There are several Jewish texts that we believe describe the events or time of Hanukkah. The first are the books of the Maccabees, which tell of the Hasmoneans and Judah the Maccabee. There is another text that we believe intends to speak to the Hasmonean time, although it is not set in that time period, and that is the book of Judith. None of these texts have entered the Jewish canon, and so they are not often studied, but they describe interesting gender diversities that challenge our stereotypes.
Judah the Maccabee was a warrior and Judith was a widow living quietly in her town. When Judah the Maccabee liberated the Temple, he and his men are described as sweeping it clean, hanging curtains and decorating the rooms. When Judith’s town is threatened by an enemy and no one will fight them, Judith plans and executes a strategy to behead the enemy general, Holofernes, and gather an army to fight.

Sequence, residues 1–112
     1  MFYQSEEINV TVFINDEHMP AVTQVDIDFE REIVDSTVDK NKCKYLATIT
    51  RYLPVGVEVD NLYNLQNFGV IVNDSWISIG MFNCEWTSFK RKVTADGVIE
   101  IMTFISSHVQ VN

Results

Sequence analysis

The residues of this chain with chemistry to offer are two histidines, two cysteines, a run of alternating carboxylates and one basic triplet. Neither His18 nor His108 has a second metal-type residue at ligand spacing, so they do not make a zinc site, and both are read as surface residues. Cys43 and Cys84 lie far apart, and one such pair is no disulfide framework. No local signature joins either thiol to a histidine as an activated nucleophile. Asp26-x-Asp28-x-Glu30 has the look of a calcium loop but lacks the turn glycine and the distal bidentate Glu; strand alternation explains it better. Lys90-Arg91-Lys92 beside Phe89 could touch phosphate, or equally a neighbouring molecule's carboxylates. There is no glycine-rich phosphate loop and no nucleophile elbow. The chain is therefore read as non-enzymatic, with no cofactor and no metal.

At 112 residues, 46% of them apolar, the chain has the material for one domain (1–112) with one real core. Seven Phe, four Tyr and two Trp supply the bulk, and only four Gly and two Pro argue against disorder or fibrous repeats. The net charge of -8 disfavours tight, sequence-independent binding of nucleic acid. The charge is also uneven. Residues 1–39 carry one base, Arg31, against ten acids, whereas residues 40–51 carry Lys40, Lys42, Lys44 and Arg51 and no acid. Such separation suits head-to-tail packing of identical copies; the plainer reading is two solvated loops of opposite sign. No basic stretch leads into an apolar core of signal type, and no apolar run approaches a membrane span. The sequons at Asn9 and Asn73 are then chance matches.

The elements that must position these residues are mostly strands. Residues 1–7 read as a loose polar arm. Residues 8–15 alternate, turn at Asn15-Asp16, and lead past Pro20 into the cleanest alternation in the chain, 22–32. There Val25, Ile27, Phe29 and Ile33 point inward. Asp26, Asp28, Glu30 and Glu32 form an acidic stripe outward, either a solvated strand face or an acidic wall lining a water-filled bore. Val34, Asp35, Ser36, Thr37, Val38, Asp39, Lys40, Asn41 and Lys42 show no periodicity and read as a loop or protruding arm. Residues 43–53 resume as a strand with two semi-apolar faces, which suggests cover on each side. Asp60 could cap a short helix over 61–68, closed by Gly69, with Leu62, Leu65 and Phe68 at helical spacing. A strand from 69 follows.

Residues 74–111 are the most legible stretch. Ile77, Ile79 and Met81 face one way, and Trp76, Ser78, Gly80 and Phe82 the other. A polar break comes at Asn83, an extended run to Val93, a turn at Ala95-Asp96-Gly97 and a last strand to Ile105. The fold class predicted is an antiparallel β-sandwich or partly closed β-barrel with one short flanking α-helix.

Judah and Judith, the same name, the same goal, each crossing gender stereotypes of their time.
Hanukkah teaches us to exceed our perceived limitations to fight evil and achieve our goals.